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June 23, 2000

NL West Notebook

Rocky Mountain High

by Dave Pease

Rocky Mountain High

Heading into action on May 27, it was shaping up to be another thouroughly mediocre season for the Colorado Rockies. The team sat just over .500 with a record of 23-22, and rivals Arizona and Los Angeles were running away from the pack in the NL West. Despite first baseman Todd Helton's fireworks display and the delayed debut of brittle left fielder/Dante Bichette replacement Jeffrey Hammonds, the team had cause for concern. Right fielder Larry Walker, far and away their best hitter, was in the middle of what would become a month- long stay on the disabled list, and the revamped pitching staff had yet to show a real difference from last year's bunch.

Instead of rolling over, the Rockies have gone 15-6 since then to pass the Dodgers and place themselves firmly in contention for a postseason payoff. What happened?

  • The bullpen. Starting May 27, the Rockies ran off a streak of six straight wins at home, and the bullpen accounted for five of them. It's early, but this bunch is pitching magnificently. The strangest story here has got to be Gabe White, who picked up three of those bullpen wins. Following the Rockies' acquisition of White, we noted that his proclivity for serving up the meatball would probably make his Rockies stay an ugly one.

    It hasn't happened yet. Post-trade, White's numbers are outstanding. He's not giving up runs (1.54 ERA), he's keeping runners off base (22 hits and five walks allowed) and he's given up just three bombs in 35 innings pitched.

    White has been the most prominent success story, but closer Jose Jimenez and banished starter Brian Bohanon have been very effective as well. Overall, the team's bullpen is ranked second in the majors by Michael Wolverton's Re lievers' Run Expectation ratings.

  • The starting five. With ten Quality Starts during the streak, these guys have got to be factored in--especially considering today's offensive climate. Pedro Astacio has matured into the ace we all thought he might become over the last two years, and is the rock this team needs in the rotation. He's led Masato Yoshii, Kevin Jarvis, and the rest of the rotation to their recent successes.

  • The defense. New GM Dan O'Dowd set out last offseason to find players who could catch the ball, and he's been rewarded with an outstanding defensive effort by his team. Center fielder Tom Goodwin, who is also providing surprising offense at the top of the order, is great, and Hammonds has covered the corners with competence. Jeff Cirillo, Neifi Perez, and Helton comprise three-quarters of a good infield, though neither Mike Lansing nor Terry Shumpert are better than average at second base. A groundball- eating left side and fleet feet in the outfield have provided the pitching staff with a lift.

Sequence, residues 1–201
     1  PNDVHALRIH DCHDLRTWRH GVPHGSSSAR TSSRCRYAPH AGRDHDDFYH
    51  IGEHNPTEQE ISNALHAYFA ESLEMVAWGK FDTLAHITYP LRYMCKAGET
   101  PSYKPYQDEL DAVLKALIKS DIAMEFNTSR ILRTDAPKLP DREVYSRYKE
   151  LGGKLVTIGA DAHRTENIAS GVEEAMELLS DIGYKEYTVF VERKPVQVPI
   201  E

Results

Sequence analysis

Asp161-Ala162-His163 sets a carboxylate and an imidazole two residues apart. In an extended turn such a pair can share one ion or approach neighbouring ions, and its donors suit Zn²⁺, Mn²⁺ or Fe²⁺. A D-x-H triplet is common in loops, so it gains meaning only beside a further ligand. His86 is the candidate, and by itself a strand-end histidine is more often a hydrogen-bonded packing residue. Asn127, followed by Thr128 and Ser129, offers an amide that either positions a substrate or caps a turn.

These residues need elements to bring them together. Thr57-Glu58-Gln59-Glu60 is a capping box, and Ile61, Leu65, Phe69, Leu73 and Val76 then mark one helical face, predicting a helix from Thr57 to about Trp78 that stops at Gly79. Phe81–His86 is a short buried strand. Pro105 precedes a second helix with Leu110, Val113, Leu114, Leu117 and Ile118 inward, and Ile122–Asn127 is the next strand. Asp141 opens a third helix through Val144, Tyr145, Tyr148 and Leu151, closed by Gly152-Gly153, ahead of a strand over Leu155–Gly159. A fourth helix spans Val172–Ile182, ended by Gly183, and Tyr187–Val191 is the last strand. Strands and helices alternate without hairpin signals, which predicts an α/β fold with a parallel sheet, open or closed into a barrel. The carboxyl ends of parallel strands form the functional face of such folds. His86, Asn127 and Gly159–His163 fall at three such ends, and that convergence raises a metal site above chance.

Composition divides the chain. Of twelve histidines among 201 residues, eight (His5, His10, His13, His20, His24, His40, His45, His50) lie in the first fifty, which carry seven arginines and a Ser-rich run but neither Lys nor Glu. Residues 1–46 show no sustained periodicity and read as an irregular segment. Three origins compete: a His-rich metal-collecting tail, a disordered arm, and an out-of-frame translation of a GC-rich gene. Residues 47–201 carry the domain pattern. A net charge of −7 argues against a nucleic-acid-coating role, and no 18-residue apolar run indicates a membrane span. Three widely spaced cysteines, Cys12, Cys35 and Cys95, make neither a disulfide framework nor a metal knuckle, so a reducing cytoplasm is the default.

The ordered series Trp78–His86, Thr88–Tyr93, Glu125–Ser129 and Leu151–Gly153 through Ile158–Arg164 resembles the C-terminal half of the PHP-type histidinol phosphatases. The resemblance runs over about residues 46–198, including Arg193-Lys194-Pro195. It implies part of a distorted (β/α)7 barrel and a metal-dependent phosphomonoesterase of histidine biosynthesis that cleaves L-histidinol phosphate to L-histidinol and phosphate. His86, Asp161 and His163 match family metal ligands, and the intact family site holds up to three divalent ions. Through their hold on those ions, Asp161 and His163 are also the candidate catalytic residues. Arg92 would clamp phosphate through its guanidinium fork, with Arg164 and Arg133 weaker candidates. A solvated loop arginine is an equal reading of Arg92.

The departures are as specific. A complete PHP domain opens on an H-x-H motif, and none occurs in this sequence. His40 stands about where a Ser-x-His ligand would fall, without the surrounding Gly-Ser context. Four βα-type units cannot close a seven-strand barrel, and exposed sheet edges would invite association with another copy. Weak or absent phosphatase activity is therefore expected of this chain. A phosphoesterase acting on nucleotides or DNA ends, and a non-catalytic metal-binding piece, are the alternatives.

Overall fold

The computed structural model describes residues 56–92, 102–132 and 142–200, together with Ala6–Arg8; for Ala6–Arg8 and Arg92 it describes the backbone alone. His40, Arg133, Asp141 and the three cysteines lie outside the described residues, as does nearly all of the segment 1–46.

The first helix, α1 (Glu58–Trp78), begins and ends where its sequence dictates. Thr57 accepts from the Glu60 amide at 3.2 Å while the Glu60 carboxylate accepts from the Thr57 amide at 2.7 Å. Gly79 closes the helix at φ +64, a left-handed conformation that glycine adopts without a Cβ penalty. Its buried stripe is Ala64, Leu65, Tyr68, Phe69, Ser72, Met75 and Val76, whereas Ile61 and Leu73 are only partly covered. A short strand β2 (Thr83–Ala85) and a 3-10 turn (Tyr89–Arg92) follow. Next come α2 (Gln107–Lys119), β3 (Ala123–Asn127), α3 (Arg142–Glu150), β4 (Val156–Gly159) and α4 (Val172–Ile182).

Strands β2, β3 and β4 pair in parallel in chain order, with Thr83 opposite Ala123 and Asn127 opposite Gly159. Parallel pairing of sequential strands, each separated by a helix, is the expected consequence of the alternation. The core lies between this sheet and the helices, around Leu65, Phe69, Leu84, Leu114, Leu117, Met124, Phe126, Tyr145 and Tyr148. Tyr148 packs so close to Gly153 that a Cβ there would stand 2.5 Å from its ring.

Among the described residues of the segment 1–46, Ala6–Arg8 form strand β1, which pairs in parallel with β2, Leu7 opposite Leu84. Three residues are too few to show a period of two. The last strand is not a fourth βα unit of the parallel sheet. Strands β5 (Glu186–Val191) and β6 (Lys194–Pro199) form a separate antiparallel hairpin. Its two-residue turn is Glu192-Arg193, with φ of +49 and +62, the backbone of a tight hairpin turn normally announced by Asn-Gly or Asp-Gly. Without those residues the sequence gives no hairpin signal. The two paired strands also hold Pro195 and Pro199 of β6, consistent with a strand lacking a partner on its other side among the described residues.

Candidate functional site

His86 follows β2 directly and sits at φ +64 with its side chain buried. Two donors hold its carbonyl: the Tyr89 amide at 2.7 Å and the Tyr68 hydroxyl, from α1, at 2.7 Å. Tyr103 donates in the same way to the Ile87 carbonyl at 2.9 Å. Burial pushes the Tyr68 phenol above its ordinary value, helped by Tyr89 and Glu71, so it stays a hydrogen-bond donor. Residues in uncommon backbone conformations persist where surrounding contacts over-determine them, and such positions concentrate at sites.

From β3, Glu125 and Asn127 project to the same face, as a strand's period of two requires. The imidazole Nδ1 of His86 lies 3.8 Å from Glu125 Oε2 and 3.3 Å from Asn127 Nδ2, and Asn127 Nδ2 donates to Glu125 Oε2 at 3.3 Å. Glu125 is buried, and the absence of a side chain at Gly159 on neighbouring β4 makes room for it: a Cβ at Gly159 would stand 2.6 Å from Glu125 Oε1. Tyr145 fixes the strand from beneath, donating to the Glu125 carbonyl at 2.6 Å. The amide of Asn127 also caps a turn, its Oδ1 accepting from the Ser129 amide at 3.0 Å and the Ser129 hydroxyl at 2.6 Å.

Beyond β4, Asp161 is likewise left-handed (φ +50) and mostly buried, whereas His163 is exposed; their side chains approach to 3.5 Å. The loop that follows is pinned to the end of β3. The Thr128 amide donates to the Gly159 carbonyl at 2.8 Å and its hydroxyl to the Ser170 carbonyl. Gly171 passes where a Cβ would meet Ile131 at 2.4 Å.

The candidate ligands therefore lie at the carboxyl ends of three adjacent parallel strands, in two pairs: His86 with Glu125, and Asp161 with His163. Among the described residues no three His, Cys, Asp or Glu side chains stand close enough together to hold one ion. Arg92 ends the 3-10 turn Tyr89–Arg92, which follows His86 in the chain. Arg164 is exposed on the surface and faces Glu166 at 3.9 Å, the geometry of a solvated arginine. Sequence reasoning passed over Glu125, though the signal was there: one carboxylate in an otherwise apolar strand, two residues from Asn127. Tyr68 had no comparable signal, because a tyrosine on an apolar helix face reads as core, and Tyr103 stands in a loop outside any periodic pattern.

• Coors Field. The Rox have played 13 of their past 21 games at home, and it's no surprise they've gone 11-2 in those games. The games have been high-scoring, with 182 runs scored by both teams. That's an average of 14 a game. A pattern becomes clear: the starter is frequently knocked out early and the Rockies bully the opposition in the middle and late innings with their deep and talented bullpen.

Colorado has leveraged its strengths extremely well during the streak, and the team's home record now stands at a league-best 25-8 overall. We may finally see what some have been predicting since a major-league franchise was awarded to Colorado: a team constructed to take advantage of the massive outlier that is it's home park. It's tough to say what the perfect Colorado roster would be, but it stands to reason that there are players who will take more advantage of the rarified air than others. Since these players don't get the same results playing in a normal stadium, the Rockies organization should be able to get more out of them--and the dollar values associated with their contracts--than anyone else. O'Dowd may have found that winning formula in the bones of last season's 72-90 club and his Big Dig-scale rebuilding project over the offseason.

I still have trouble taking the Rox too seriously. They remain impotent on the road, and that's going to get them into trouble once they cool off. But this organization looks to have made some serious progress in breaking the Coors Field code, and that's as promising a factor to have on your side as you'll find in the majors.

Dave Pease can be reached at dpease@baseballprospectus.com.

Dave Pease is an author of Baseball Prospectus. 
Click here to see Dave's other articles. You can contact Dave by clicking here

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